SAIC Targets 4.3 Mil. Sales in 2012, Board Approves Selling 1% Stake in SGM Back to GM
SAIC's sales target reflects lower Chinese automotive demand. Meanwhile, the restructuring of Shanghai GM will likely foster greater cooperation between the joint venture partners in domestic and overseas markets.
IHS Global Insight Perspective
Shanghai Automotive Industry Corporation (SAIC) aims to sell 4.33 million vehicles this year, an improvement of 8% y/y. The board also approved the planned restructuring of the vehicle production JV with General Motors (GM).
SAIC's vehicle sales target, after double-digit percentage growth rates in 2009 and 2010, underscores the prevalent weakness in the Chinese automotive market. SAIC's hopes of outperforming the market rests on the basis of its JVs with GM and VW.
The restructuring of Shanghai GM, although along expected lines, is likely to have far-reaching effects in terms of collaboration between the partners in not only in China but also in overseas markets.
Chinese automaker Shanghai Automotive Industry Corporation (SAIC) plans to sell as many as 4.33 million vehicles in the current year, reports China Business Newswire. This marks an increase of nearly 8% year-on-year (y/y) from the 4.01 million vehicles sold by the company and its joint ventures (JVs) last year (see China: 5 January 2012: SAIC, Together with JVs, Sells 4 Mil. Units in 2011). The company also expects to sell over 200,000 own-brand passenger vehicles this year.
SAIC is the leading Chinese automaker and has passenger car JVs with General Motors (GM) and Volkswagen (VW) which generally account for more than 60% of its sales volumes. SAIC's own brands, Roewe and MG, are less sought-after and account for a small proportion of its total sales. The company also has a microvan JV with GM and Liuzhou Wuling Motors- SAIC-GM-Wuling (SGMW) which, apart from domestic sales, exports vehicle kits to Egypt and India.
Board Approval for Splitting SGM
In a separate development, SAIC's board of directors approved the proposal to sell a 1% equity stake in Shanghai GM (SGM) to its JV partner, the automaker said in a statement filed with the Shanghai Stock Exchange. The move will restructure the partnership to make GM, which currently holds 49%, an equal partner in the JV. The restructuring is subject to approval from Chinese regulatory bodies. GM will pay USD91.4 million to acquire the stake. Regulatory approvals are expected some time around the third quarter, reports Reuters.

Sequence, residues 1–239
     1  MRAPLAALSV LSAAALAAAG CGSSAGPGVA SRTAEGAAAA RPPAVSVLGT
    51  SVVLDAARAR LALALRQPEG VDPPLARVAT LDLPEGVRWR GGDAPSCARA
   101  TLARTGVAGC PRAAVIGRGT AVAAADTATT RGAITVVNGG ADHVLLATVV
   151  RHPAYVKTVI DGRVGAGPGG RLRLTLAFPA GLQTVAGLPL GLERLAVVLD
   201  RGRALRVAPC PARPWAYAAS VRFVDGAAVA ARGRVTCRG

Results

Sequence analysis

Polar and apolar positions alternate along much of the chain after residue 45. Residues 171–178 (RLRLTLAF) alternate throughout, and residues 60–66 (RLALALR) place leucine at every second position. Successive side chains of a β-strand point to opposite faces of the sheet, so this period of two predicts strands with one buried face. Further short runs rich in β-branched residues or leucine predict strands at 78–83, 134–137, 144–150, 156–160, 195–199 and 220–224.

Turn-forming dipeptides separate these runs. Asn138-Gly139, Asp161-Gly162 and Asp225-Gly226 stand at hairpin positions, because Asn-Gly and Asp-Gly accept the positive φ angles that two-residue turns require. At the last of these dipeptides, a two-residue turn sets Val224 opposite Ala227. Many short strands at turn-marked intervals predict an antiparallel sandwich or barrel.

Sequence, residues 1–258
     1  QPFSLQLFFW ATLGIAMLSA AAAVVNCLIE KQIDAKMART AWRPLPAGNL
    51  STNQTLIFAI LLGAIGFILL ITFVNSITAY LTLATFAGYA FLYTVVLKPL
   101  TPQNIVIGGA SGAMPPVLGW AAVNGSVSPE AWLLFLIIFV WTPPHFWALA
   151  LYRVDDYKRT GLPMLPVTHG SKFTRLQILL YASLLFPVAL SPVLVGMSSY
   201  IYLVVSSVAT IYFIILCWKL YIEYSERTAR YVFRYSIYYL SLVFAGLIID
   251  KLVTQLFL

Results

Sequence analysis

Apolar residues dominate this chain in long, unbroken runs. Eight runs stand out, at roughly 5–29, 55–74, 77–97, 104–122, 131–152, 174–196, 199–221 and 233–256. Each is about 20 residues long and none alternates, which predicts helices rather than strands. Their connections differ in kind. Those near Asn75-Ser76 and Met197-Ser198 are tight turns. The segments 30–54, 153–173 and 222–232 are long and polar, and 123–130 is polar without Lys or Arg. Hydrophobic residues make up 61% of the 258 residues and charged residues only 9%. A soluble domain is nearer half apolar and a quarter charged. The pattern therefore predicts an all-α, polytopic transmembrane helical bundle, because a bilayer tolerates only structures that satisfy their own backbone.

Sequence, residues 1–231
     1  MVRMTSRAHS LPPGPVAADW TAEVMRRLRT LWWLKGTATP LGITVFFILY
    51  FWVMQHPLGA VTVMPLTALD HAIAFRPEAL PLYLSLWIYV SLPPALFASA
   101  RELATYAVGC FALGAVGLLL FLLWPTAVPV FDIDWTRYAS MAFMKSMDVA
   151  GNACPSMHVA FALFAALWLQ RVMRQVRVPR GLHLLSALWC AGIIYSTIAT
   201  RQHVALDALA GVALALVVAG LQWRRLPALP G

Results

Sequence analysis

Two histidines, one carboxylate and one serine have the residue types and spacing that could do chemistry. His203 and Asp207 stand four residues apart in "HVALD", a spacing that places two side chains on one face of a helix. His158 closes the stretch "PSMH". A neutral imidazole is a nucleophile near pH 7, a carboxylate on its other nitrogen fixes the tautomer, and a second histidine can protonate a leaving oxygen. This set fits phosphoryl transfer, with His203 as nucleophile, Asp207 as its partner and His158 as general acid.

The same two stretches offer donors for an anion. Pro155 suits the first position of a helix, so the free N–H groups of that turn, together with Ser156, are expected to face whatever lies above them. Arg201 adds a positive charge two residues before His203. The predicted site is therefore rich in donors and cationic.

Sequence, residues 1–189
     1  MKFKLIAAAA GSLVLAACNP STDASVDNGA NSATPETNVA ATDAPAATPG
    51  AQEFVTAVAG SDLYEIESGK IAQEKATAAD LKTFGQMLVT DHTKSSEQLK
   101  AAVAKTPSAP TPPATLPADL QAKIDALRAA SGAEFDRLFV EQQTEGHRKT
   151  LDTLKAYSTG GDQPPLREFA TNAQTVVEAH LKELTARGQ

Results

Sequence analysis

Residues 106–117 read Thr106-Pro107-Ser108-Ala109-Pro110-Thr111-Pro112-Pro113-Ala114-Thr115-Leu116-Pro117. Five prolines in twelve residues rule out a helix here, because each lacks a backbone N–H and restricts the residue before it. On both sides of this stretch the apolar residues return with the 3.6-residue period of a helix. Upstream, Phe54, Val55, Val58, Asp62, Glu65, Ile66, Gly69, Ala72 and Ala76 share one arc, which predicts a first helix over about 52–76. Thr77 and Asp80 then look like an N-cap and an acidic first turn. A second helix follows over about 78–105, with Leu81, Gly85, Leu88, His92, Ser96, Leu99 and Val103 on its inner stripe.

Outlook and Implications
SAIC's vehicle sales target for 2012 reflects the scaled back expectations among automakers due to the underlying weakness in the Chinese automotive market. This comes after registering double-digit percentage growth rates in 2009 and 2010. In the first four months of 2012, SAIC sold 1,497,525 vehicles, up 9.33% y/y, largely on the back of strong sales of GM and VW models. However, not every automaker was fortunate to beat the market which shrank 1.3% y/y in the same duration (see China: 16 May 2012: Chinese Vehicle Market Drops 1.3% Y/Y in YTD on Lower CV Sales—CAAM). SAIC is a major beneficiary of the general trend of strong sales for passenger cars from established high-end brands such as Buick, Chevrolet and Audi. On the other hand, Chinese automakers without strong JV partners such as Chery, JAC and Lifan registered lower sales in the period, with the exception of Great Wall.